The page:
What does a NAPLAN ban actually look like?
Queensland Teachers' Journal, Vol 125 No 7, 2 October 2020, page no.11
As I write this article, QTU members are voting on whether to implement a ban of NAPLAN. You may ask though, what does a ban on NAPLAN actually mean for me?
If a directive is issued, it will mean that schools are not to do any planning, preparation, information gathering, readiness testing, provision of EQ IDs, timetabling of labs, sample testing – anything that is or could be associated with the implementation of NAPLAN and the broader National Assessment Program (NAP) in 2021.
As we know, as a result of COVID-19, the Education Council cancelled NAPLAN for the 2020 year. The sky has not fallen in. Teachers and school leaders are still accountable for the academic achievement of the students in their schools. The system still has accountability requirements, which can still be met despite NAPLAN not happening.
Not doing NAPLAN in 2020 and 2021 will simply mean that you can get on with doing your job: teaching and facilitating the learning of the students in your classrooms and your schools each and every day.
This is an opportunity to reframe the discussion on assessment in your schools. What data do you actually require to evaluate a student’s progress and provide feedback on areas of need in learning and development?
Sadly, the final report of the cross-jurisdictional 2020 NAPLAN Review did not reflect what many teachers, school leaders, parents, students, academics, some media outlets and many members of the community know: NAPLAN has passed its use-by date.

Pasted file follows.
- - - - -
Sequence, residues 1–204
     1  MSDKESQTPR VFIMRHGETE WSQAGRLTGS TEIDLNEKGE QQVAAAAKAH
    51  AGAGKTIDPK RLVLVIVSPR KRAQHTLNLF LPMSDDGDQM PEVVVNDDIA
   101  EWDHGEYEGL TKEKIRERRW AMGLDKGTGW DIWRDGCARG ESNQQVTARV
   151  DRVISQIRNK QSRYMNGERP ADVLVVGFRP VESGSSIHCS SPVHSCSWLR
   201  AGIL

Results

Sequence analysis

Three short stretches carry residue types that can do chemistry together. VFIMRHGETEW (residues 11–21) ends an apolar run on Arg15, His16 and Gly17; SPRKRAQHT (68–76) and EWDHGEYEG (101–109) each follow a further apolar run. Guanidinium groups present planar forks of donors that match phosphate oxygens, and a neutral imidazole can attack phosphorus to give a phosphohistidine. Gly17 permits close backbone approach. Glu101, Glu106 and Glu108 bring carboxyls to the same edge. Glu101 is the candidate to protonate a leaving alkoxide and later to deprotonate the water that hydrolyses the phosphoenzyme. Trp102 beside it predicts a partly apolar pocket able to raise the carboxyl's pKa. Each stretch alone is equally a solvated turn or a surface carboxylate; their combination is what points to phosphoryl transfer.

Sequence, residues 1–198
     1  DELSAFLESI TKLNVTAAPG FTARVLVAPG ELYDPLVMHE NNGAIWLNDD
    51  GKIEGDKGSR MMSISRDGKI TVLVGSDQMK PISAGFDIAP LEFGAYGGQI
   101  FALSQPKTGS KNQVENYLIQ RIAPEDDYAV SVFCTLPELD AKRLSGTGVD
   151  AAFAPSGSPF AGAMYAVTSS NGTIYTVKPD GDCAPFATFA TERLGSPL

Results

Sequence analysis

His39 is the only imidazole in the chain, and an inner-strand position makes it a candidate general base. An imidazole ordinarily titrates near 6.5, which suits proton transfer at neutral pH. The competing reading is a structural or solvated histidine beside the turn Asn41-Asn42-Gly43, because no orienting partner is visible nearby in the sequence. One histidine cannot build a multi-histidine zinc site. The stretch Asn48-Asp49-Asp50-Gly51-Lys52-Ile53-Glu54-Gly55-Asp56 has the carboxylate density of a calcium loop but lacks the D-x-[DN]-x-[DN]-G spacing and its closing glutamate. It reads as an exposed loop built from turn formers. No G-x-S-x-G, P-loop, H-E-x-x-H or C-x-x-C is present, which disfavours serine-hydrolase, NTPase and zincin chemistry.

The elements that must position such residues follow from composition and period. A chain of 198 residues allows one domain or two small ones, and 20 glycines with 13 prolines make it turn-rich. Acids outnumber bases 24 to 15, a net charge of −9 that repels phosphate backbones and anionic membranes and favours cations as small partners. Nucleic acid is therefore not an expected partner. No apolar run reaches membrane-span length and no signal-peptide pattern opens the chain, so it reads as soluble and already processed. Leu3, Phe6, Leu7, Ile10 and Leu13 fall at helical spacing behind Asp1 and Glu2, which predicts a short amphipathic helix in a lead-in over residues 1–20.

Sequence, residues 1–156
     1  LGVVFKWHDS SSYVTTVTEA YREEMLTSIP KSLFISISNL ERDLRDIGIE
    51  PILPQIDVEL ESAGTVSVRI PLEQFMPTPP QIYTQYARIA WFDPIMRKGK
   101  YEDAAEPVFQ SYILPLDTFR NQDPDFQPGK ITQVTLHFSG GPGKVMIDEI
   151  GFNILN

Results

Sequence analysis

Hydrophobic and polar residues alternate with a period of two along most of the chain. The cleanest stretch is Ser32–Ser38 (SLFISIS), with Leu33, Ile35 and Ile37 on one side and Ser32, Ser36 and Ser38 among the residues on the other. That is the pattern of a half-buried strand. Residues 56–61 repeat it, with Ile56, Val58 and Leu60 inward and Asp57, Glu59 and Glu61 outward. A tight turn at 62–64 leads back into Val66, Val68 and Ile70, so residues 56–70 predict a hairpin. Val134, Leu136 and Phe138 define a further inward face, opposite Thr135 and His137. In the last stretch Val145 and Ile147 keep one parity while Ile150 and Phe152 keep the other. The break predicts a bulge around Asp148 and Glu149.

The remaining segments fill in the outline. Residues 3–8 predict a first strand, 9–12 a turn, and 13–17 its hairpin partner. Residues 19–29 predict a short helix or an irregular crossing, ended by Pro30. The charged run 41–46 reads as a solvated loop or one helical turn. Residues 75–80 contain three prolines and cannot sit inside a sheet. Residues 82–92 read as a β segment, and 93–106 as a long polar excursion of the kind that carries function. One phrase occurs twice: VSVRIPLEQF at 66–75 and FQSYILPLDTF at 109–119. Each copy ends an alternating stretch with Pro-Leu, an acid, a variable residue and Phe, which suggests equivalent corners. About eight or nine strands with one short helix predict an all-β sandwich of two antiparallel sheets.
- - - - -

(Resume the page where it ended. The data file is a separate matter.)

Replacing NAPLAN with the proposed new Australian National Standardised Assessment, an extended, higher stakes standardised testing regime that tinkers at the edges, is not the answer (ANSA)!
The Education Council considered the review report on 4 September, and the Federal Education Minister Dan Tehan blocked any action in response proposed by the state and territory Ministers. That is the way Education Council works, all nine individual Ministers have the right of veto and the Federal Minister has regularly used this veto power to frustrate change in education policy supported by the states and territories. The Federal Minister says that conversations about the form and function of NAPLAN can only happen after everyone has moved to NAPLAN Online.
We now face a default position, based on previous Education Council decisions, involving a renewed push for all schools across Australia to be transitioned to NAPLAN Online by 2022.
Enough is enough.
Implementing NAPLAN in 2022, via the online platform or by any other means, is not acceptable.
Not implementing NAPLAN in 2021 will create time and space in schools, an opportunity to consult within your school community on the best way forward. We must begin to develop a test that is teacher led and developed, that is properly aligned to the curriculum, that is authentic and that genuinely informs the teaching and learning cycle. Wouldn’t that be a good place to start?
What we do not want is a testing regime under which multinational companies develop tests to market materials that “support students”, but which in reality lead to reducing the scope of the curriculum even further and less and less control and professional autonomy for teachers and school leaders in supporting the outcomes of the students in our schools.
Enough is enough.
No student will be worse off for attending a NAPLAN-free school. Teachers and school leaders will be able to focus on teaching, leading and student learning. Parents will continue to be fully informed of their child’s progress through two written reports and two face-to-face meeting opportunities per year. Schools, teachers and principals will continue to meet the expectations of the complex and comprehensive legal and bureaucratic frameworks that bind all education systems.
Enough is enough.
Keep up to date at https://www.qtu.asn.au/naplan